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Nihilism According To Nietzsche

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The nihilism analysis has been prevalent position over the past few years. Its anticipated purpose is to demand questions about the norms made in a philosophical debate. These contain the notion that one must actually suggest and preserve an idea in order to contextualize one’s idea.
Tacitly, this philosophy, nihilism, seems new to most people and to philosophy as a whole. Especially from a Western standpoint. But Nietzsche conducts an unapologetic attack on what society has deemed as conformist morality. And at the end of the 19th Century (when he died) this could have struck many as more progressive rather than conservative. Many during that time, however, saw it as pure sacrilege. The entrenched on both sides have made it difficult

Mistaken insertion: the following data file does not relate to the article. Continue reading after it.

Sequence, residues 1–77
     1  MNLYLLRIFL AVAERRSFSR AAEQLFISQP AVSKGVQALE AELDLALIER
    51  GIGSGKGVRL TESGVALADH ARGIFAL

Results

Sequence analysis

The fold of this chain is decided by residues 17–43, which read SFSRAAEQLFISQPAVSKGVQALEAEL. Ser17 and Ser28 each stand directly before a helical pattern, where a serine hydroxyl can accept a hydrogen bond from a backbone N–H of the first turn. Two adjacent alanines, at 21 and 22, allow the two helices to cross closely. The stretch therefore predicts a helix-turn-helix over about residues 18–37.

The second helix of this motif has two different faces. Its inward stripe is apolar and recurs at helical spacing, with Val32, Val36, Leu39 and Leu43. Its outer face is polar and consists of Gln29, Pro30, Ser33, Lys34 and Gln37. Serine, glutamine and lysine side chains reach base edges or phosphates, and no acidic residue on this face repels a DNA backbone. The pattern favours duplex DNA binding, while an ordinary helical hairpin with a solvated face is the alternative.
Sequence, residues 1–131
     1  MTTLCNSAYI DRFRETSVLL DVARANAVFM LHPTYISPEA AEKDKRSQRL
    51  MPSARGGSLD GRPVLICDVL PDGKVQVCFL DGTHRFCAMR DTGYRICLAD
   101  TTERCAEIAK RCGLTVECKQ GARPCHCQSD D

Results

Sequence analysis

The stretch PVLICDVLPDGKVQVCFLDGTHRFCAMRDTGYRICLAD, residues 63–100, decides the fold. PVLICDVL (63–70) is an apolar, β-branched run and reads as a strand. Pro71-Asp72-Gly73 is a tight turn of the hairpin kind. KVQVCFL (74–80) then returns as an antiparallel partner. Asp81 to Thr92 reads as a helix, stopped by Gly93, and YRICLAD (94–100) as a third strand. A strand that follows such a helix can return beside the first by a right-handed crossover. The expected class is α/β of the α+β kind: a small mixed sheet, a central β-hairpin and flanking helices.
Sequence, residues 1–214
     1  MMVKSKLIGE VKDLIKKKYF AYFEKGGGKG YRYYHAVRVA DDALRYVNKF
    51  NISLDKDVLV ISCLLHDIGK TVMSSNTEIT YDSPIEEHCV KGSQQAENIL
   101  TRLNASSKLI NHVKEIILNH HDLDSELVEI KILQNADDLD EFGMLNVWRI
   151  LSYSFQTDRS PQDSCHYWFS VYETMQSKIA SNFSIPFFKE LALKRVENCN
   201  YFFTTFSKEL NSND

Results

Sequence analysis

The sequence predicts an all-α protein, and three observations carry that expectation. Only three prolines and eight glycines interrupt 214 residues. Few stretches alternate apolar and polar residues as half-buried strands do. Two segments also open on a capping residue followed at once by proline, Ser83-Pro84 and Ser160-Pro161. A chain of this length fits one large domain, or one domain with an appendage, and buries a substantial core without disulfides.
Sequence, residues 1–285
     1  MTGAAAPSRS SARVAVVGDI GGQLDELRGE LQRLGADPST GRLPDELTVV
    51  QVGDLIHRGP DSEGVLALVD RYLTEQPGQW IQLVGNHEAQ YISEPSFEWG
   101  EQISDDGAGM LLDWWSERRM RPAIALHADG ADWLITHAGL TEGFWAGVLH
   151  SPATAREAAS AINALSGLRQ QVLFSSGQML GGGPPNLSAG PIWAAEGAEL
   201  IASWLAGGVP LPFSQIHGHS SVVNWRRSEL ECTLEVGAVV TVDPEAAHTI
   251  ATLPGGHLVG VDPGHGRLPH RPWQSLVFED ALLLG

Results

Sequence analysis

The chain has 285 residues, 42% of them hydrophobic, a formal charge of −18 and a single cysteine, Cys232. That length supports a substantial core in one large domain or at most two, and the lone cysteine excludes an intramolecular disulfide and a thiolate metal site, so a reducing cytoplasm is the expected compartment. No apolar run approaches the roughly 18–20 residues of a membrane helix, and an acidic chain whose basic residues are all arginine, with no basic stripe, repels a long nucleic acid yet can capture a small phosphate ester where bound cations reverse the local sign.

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As a communications major, the focus should not be on the words themselves, but rather on the more in-depth meaning of those words. Zarathustra says the coined phrase and follows up with, “We have killed Him.” In laymen’s terms, the scientific certainty has made God archaic and outdated. But really, there is an underlayment here. The underlying idea that it is not just God (this supernatural icon in the sky) that is dead, but rather the idea that many of the absolutes that we discussed previously have died. One specifically being morality. These outmoded morals cannot direct the humans in a more intricate world/society. There are many discussions that have been had about this phrase and what it could mean, but the most significant is that the value itself is prospectively weak. Humans have transformed into this complicated being, and constrained by this badness of morals. There is one woman who would argue in a Newsweek article that Nietzsche through objective morality. Karen Armstrong of Newsweek states in the article History of God that “…Nietzsche was right to say that human beings killed God. Even fundamentalists (whose faith is essentially modern and innovative) bear to the fact that men and women can no longer be religious in the same way as their ancestors. In the postmodern world, it was generally understood that while reason was indispensable for mathematics, science, or politics. It could, not by itself give human beings access to the divine. But the extraordinary success of scientific rationalism in the modern world has made reason the only path to truth. We assume that God is an objective fact, like the atom, whose existence can be proved empirically. When we find the demonstration unconvincing, we lose faith. Our neglect of the esthetic of prayer, liturgy, and mythology has indeed killed our sense of the divine.” 1 Nietzsche labels this as a bit of
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